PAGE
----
However, the majority opinion in 2023, authored by Justice Samuel Alito, invents the requirement of adjoinment for protection of a wetland under the CWA, meaning a wetland must share a “continuous surface connection” with a stream, river, lake, or other surface water that is broadly understood to be protected. This contrasts with the earlier precedent that a wetland need only be adjacent to (and likely to affect the water quality of) a larger body.

The standard established in Sackett sets stricter bounds for protection than those in rules proposed by the Obama, Trump, and Biden administrations. And in no prior agency rule, scientific report, opinion from a scientific agency, or recommendation from the Science Advisory Board has the notion of adjoinment been proposed.

In concurring opinions, several justices agreed that the CWA’s jurisdiction is not unlimited but disagreed with the wholesale reimagining of the test for protection. These concurring opinions argued that the majority’s interpretation does not meet the plain language reading of the law and pointed out that the court could have issued a much narrower decision that gave relief to the Sacketts but kept the system of deference to agency scientific and technical expertise in place.

Thus, the majority’s decision appears less motivated by science and more so by political desires to dismantle protections afforded under the CWA.

And dismantle it does.

Sackett’s Environmental Implications

In the wake of the Sackett decision, federal protections for America’s wetlands are at their smallest and weakest in decades.

In the wake of this decision, federal protections for America’s wetlands are at their smallest and weakest in decades. Federal rules are the only protections for wetlands in about half of the states, leaving a substantial portion of the United States’ remaining wetlands—and the benefits they produce, such as flood control, aquatic habitat, and improved water quality—vulnerable to destruction.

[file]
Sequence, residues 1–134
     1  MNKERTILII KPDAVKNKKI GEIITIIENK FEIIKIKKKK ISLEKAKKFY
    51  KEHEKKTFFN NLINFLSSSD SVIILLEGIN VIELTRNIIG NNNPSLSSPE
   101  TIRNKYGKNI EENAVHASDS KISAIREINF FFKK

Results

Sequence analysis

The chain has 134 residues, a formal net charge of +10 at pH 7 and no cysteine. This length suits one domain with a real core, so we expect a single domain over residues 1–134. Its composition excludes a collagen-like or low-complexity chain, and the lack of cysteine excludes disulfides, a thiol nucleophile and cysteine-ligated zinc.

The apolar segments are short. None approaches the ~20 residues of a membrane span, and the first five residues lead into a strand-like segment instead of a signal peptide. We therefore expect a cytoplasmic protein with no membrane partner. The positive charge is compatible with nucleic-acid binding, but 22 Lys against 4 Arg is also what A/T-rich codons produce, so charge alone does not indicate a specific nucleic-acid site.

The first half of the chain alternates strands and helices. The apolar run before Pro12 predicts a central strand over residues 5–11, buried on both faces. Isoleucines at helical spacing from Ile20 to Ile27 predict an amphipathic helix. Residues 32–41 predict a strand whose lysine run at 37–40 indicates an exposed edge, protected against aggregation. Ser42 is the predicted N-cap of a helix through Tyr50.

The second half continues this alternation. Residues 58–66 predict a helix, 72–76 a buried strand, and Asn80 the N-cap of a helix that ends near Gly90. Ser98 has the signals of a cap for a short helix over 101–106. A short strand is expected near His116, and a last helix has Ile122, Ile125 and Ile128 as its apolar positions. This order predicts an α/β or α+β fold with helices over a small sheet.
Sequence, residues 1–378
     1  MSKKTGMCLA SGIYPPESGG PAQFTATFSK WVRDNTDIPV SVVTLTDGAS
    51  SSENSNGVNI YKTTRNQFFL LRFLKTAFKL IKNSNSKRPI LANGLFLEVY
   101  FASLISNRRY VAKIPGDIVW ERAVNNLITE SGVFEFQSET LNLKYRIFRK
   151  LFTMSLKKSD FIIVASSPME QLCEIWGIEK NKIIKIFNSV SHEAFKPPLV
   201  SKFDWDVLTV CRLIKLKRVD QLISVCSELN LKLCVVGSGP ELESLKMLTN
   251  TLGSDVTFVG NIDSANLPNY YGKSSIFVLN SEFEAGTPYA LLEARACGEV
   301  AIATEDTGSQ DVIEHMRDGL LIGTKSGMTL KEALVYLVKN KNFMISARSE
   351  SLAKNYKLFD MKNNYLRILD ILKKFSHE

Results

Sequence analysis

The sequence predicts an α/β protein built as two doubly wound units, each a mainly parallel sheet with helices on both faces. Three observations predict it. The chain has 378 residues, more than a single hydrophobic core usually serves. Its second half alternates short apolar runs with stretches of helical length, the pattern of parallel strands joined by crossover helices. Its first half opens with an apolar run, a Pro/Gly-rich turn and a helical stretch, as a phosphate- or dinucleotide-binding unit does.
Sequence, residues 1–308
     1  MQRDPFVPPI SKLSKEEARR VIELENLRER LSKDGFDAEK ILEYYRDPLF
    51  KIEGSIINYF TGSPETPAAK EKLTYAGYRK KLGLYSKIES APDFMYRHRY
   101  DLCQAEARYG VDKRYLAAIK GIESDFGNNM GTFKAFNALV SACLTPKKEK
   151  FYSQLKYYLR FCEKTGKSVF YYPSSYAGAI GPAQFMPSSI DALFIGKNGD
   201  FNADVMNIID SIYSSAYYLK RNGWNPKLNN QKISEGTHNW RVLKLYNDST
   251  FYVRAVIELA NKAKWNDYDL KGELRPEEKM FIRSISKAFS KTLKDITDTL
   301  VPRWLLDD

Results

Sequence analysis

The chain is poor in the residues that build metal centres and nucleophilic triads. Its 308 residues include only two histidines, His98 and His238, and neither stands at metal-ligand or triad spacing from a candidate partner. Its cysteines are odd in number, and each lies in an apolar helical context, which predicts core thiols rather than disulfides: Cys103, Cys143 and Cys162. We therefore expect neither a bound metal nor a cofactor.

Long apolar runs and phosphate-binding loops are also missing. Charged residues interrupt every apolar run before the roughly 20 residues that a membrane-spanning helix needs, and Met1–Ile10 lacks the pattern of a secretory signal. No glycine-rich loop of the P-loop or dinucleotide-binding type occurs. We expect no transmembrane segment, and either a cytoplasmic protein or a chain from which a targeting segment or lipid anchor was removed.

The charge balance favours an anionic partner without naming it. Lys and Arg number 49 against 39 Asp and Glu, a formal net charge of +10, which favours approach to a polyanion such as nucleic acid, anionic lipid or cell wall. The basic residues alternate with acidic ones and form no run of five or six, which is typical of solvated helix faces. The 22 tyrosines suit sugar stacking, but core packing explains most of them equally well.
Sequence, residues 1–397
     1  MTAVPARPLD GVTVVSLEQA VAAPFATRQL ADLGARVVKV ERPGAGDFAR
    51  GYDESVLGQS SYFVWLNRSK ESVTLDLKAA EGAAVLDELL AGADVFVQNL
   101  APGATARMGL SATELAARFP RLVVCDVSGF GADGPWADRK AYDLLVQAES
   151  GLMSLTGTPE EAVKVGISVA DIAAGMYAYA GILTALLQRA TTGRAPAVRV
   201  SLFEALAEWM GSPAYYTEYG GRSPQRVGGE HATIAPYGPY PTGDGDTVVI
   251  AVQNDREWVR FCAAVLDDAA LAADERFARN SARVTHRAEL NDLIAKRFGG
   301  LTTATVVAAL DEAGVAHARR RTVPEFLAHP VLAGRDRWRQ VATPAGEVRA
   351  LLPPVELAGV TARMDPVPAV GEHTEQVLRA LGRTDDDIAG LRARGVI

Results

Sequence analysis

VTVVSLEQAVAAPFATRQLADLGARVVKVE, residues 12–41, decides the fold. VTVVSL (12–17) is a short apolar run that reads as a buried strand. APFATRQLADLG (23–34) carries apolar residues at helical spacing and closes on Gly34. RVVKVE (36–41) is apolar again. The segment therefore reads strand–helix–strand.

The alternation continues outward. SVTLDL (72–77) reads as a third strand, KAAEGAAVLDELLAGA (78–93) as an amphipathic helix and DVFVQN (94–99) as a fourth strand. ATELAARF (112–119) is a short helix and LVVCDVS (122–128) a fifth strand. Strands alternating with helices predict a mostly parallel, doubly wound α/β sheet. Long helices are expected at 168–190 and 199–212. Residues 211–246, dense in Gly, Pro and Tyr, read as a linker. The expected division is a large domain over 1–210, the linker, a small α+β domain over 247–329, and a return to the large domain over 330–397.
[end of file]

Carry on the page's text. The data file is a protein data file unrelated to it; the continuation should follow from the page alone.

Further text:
Just how many wetlands might be affected by the new decision and rule? The federal government has declined to make estimates at the national scale, but some data exist and offer glimpses regionally. In one recent study of New York’s wetlands, for example, researchers found that fewer than half are located within 100 feet (~30 meters) of waterways. And in a study of the extensively drained midwestern Wabash River Basin, only about 17% of current wetlands (or about 3% of the historical wetland acres in the region, where 80% have been lost since Europeans arrived) are within 100 feet of waterways.

In both studies, 100 feet was used as the narrowest interpretation of prior CWA rules, although this interpretation was still much broader than the Sackett criterion for adjoinment via a continuous surface connection. With the more stringent requirement, only a fraction of these wetlands would be left with federal protections, representing the largest loss of wetland protections since they have been federally regulated.

West Virginia and the Emerging Major Questions Doctrine

At issue in West Virginia was the EPA’s proposed regulation, under the CAA, of greenhouse gas emissions from power plants as part of a set of Obama era rules called the Clean Power Plan (CPP). The CPP included a combination of “within the fence” requirements (i.e., processes deployed at power plants to limit emissions) and “beyond the fence” requirements (i.e., requirements to shift production to alternative energy sources). The case did not center on the science of climate change or the basic ability of the EPA to regulate greenhouse gas emissions (already established in Massachusetts v. EPA), but instead on Congress’s perceived intent in adopting the CAA.